Throwing a Tarn Bowl

Wabi-sabi Tarn bowl

Ms. SpoolTeacher has never worked on a potter’s wheel; but throughout the process of crocheting her Tarn Bowl, she got a sensation that it was a similar experience.

She started out making what was to be a round rug, but after she got to increasing every 8 stitches, she changed her mind. She has never crocheted with tarn (t-shirt yarn) before and is quite certain that she should have been using a larger needle and one that had more traction, (wasn’t metal). Crocheting is something that only through practice does one pick up on the subtleties that can be manipulated to create variables that are either desirable or not , intended or not, and/or an expression of creative license, i.e., art.

She was quite having fun. She was utilizing her acumen and a very good video to remember even this beginning stage of crocheted creations.


She had previously made some t-shirt yarn, tarn as it is called; and as it turned out, the denier was variable as she had differing weights of t-shirt material and she had cut some a little different width than others.

This is all new to her.

T-shirt yarn. Each ball represents a whole shirt

The ball of t-shirt yarn she started with, a muted green/aqua, was cut after the rolls in the above picture. It had seams but she decided to go ahead and try it.

She’s on a learning curve with this and wants to be able to tell others why to or not to use seamed pieces, etc. She kind of likes imperfections anyway. Wabi-sabi! Serene Melancholy. Spiritual Longing. Doesn’t that evoke the language of Art?

[1] “If an object or expression can bring about, within us, a sense of serene melancholy and a spiritual longing, then that object could be said to be wabi-sabi.”[2] “[Wabi-sabi] nurtures all that is authentic by acknowledging three simple realities: nothing lasts, nothing is finished, and nothing is perfect.”[3]

Wabi-sabi tea bowl, 16th century

Wabi-sabi tea bowl, 16th Century. Image courtesy http://en.wikipedia.org/wiki/Wabi-sabi

So as she was sitting on her bed, late at night, watching some thought-provoking recording she’d made (in the days of having TV) of something from Free Speech TV, she decided to quit increasing and make a bowl instead of a rug.

The aqua only lasted long enough to apply about 3 rows, give or take, up the sides before she had to determine which roll of tarn to use next. She chose the gray.

Wabi-sabi Tarn bowl

Wabi-sabi tarn bowl, 21st century, thrown on an “artists” lap

Well, as she got going, she realized that it was quite fatter denier and was making it bulge slightly. She thought about taking it out, but no, she kind of liked that idea and she rolled her fingers around the circumference as she would if she was throwing a clay bowl, seeing if she could pull it up and/or stretch it into aligning with the aqua. She used various tensions with the tarn/yarn in her fingers as she continued on making stitches up the side to see if she could control the bulge. More “imperfections”. All the while, she was thinking it was looking like a bowl some artist had created intentionally that way on her potter’s wheel.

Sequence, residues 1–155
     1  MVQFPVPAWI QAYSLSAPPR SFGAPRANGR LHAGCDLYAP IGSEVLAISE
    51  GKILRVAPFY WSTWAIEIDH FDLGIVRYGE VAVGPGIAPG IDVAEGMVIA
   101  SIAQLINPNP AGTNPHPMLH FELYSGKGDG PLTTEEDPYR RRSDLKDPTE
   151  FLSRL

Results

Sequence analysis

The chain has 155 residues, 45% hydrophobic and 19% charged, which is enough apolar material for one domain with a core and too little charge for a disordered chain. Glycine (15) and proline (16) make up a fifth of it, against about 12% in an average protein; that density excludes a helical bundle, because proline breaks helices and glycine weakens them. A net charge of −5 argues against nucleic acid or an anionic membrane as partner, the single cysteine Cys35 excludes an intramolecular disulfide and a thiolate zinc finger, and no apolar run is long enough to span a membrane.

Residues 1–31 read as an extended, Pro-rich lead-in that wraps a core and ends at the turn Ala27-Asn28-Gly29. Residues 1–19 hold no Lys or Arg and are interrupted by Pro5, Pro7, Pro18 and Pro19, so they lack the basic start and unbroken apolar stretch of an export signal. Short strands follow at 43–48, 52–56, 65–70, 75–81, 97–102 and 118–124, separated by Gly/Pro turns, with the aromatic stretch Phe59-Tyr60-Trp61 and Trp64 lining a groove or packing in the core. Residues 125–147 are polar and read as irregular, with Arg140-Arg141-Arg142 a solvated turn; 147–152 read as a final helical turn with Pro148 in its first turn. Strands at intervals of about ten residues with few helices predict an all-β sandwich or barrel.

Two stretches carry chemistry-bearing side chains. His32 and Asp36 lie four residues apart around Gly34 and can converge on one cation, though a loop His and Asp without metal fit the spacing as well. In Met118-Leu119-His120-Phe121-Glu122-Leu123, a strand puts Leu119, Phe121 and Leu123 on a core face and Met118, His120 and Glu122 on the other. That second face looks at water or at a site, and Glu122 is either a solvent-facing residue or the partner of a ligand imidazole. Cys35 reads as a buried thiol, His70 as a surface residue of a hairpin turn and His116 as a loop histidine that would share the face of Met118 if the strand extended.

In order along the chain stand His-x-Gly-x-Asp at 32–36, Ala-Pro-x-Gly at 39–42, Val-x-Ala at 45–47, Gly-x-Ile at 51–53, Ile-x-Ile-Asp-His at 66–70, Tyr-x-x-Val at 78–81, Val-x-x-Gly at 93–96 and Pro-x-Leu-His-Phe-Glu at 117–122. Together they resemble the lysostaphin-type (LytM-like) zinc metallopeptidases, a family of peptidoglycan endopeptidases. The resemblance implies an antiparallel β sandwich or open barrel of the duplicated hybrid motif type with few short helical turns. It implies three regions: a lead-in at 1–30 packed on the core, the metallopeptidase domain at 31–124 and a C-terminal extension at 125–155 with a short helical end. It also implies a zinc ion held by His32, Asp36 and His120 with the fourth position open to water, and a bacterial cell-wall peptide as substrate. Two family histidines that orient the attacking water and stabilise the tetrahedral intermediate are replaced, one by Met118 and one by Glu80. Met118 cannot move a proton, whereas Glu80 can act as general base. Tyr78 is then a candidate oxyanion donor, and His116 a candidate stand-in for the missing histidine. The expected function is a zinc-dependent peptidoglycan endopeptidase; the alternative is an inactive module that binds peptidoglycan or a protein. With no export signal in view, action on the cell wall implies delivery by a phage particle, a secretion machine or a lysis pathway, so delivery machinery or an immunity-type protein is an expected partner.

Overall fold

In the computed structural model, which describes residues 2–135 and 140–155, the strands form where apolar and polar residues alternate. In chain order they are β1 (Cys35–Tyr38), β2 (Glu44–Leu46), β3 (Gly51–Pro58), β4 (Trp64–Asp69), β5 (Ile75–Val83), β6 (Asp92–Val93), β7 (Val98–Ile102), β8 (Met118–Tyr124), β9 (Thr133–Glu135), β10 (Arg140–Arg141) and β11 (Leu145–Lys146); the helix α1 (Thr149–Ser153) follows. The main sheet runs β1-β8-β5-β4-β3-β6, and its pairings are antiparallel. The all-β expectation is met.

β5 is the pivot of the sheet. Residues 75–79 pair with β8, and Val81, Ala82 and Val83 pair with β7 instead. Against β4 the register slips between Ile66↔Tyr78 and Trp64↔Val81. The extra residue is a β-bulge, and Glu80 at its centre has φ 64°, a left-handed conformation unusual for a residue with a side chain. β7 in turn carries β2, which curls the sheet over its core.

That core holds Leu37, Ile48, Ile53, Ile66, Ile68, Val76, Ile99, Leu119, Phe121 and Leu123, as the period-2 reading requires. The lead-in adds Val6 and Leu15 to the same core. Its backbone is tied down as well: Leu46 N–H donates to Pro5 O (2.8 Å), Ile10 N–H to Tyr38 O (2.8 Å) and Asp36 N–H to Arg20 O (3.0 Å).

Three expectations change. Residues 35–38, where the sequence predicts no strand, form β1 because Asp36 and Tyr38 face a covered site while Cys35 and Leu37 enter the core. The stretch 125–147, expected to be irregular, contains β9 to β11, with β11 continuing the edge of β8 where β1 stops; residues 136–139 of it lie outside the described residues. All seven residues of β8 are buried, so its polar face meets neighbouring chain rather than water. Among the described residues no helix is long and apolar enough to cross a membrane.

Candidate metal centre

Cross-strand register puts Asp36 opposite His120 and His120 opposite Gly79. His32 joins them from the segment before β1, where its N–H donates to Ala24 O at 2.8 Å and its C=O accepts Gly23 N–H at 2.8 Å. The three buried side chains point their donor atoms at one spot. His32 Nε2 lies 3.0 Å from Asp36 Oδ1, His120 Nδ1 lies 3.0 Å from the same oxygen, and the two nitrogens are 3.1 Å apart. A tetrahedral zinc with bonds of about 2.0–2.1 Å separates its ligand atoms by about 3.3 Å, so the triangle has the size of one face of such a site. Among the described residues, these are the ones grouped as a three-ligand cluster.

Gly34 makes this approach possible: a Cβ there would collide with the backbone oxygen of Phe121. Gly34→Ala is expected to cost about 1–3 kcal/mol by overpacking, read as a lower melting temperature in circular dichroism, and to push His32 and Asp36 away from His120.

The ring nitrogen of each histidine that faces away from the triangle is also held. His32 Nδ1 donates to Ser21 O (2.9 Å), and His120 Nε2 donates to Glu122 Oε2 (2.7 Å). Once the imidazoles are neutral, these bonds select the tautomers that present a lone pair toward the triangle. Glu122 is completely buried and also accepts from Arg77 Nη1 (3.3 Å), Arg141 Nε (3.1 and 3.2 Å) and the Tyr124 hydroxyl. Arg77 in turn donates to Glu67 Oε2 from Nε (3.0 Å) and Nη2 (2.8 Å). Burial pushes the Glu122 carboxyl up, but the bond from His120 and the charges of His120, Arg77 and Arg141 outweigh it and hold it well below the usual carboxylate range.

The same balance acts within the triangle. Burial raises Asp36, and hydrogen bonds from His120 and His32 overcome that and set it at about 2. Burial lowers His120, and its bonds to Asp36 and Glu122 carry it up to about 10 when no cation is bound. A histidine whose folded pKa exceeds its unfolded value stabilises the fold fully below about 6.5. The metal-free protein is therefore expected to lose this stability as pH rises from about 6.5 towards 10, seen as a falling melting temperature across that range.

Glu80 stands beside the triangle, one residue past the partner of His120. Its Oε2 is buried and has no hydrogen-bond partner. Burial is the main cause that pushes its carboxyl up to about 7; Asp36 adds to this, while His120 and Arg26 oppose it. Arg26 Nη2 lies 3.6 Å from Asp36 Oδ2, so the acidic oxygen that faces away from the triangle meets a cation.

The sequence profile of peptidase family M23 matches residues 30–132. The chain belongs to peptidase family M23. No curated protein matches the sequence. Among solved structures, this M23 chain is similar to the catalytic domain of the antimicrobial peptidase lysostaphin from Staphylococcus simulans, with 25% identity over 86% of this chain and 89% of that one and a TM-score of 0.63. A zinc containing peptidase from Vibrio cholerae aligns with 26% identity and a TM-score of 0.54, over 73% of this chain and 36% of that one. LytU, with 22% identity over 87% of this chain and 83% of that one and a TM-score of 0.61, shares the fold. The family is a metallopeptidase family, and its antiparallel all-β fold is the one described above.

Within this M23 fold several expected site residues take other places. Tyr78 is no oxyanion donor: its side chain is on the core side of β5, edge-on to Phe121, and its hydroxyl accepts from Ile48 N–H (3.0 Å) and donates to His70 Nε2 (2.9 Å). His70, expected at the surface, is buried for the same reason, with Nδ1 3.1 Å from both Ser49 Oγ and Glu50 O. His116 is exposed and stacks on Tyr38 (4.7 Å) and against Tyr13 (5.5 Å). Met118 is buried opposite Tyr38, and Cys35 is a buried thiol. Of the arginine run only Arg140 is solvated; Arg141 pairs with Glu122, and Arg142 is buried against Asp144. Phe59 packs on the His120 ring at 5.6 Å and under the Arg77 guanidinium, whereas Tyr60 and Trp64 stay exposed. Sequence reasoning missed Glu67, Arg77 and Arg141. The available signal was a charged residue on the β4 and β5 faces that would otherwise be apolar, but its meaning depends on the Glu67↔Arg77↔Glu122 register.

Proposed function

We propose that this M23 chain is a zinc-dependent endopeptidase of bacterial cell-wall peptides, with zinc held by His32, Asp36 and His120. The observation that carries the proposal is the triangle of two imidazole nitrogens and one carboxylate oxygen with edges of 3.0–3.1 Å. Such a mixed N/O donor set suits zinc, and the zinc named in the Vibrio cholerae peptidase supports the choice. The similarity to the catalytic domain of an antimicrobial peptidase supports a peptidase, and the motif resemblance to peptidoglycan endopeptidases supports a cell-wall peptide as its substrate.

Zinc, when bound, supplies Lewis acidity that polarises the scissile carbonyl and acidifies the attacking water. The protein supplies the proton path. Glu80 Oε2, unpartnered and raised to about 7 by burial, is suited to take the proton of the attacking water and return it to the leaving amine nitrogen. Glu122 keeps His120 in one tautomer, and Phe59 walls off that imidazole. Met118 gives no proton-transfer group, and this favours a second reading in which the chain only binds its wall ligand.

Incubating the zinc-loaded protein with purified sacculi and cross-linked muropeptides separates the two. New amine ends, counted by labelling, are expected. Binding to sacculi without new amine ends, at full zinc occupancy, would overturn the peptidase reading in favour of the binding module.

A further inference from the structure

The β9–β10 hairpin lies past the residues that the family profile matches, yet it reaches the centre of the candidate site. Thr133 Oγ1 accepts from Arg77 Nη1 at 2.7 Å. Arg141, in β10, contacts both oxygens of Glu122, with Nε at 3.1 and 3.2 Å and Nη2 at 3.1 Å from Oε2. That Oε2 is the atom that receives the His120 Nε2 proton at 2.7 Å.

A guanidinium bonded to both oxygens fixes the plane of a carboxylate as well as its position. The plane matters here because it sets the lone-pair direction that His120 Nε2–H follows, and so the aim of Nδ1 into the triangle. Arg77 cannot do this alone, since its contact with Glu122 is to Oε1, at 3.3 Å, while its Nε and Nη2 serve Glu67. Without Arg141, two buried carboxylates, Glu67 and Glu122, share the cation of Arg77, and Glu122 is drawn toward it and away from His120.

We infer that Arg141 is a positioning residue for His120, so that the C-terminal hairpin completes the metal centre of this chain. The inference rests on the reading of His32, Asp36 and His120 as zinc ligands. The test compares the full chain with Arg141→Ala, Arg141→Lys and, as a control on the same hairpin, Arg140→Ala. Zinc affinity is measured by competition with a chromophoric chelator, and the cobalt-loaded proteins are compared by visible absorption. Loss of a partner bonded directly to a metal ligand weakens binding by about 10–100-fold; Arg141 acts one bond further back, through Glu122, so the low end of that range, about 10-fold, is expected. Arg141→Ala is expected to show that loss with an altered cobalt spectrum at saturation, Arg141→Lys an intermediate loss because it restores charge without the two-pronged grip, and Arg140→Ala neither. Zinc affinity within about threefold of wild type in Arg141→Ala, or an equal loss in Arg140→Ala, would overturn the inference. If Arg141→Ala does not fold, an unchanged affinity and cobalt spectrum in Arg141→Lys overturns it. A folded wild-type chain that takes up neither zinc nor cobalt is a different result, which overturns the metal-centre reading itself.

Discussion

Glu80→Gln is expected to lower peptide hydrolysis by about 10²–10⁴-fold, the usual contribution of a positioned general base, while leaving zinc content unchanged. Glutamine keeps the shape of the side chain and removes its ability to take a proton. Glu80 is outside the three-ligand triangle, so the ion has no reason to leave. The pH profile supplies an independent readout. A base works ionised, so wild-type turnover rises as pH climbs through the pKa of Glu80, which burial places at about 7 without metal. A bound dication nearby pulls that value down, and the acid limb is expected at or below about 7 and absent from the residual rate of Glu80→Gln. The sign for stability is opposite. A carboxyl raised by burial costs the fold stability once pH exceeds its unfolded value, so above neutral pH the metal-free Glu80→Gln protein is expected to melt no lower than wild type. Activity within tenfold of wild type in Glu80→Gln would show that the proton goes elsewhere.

Well, the gray yarn ran out in no time and then what color next? She opted for the white. It had printing on it, so there would be that as a subtle “imperfection” as well. She wasn’t quite sure how tall to make it; but after two rolls of white, both slightly different denier, she decided that it was tall enough.

Wabi-sabi tarn bowl, 21st century, thrown on an "artists" lap

Now for how to finish it off and maybe add handles? (Ms. ST just spent an hour trying to find a tutorial for adding handles to her bowl but all she got was Etsy and Pinterest links without help) After scouring all the images, she thinks she can figure it out on her own.

Oops! Never give up. She thinks she found a tutorial!

But as you can see, it looks rather simple to do.

More rows could be added to make a fatter handle.

She also saw many, many beautiful examples and some interesting ways to finish it off.

She usually likes things rather simple. Why complicate things? Right?

Isn’t this a pretty one? Not made out of t-shirt yarn, but very pretty.

So here are a few more images of her Wabi-sabi tarn bowl, 21st Century …

Wabi-sabi tarn bowl, 21st century, thrown on an "artists" lap Wabi-sabi tarn bowl, 21st century, thrown on an "artists" lap

Wabi-sabi tarn bowl, 21st century, thrown on an "artists" lap

Wabi-sabi tarn bowl, 21st century, thrown on an "artists" lap

It ain’t particularly purdy, but it’s Wabi-sabi to her.

Serenely melancholy is one of her favorite colors! And now she realizes that she photographed it wrong side out. Wabi-sabi her. Tarn it!

Update! Update!!!

Ms. SpoolTeacher turned the bowl right side out and added handles in purple and white. Everything looks better with a touch of purple. Here is the near complete bowl, (just have to tuck in some tails)… and a preview of the next project, a braided rug.

Wabi-sabi tarn bowl, 21st century, with handles and a touch of purple

Handles!

Wabi-sabi tarn bowl, 21st century, thrown on an "artists" lap

Bottom up!

Wabi-sabi tarn bowl, 21st century, with handles and a touch of purple

Strings yet to weave in…

And the next project upcoming, a braided rug from t-shirt yarn…

Braided rug fom t-shirt yarn.

Additional pictures can be viewed at this link.

Available for sale on Etsy:

Wabi-sabi tarn bowl, 21st century, thrown on an "artists" lap

Also available for sale on Etsy:

Tarn Bowl

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Tarn. T-Shirt Yarn

Ms. SpoolTeacher mentioned on her Facebook page that she is making t-shirt yarn. She has discovered many things already.

She just took what she has on hand from t-shirts she has stopped wearing. Seamed tee’s are no good. They can be used, of course, but seamless t-shirts are the best. Seamed ones leave a bump every seam and don’t curl at that point. So you might want to cut the seams and splice as you go, but that means little short strips. Seamless t-shirts allow one continuous strand.
The hems cut off from t-shirts before making yarn from them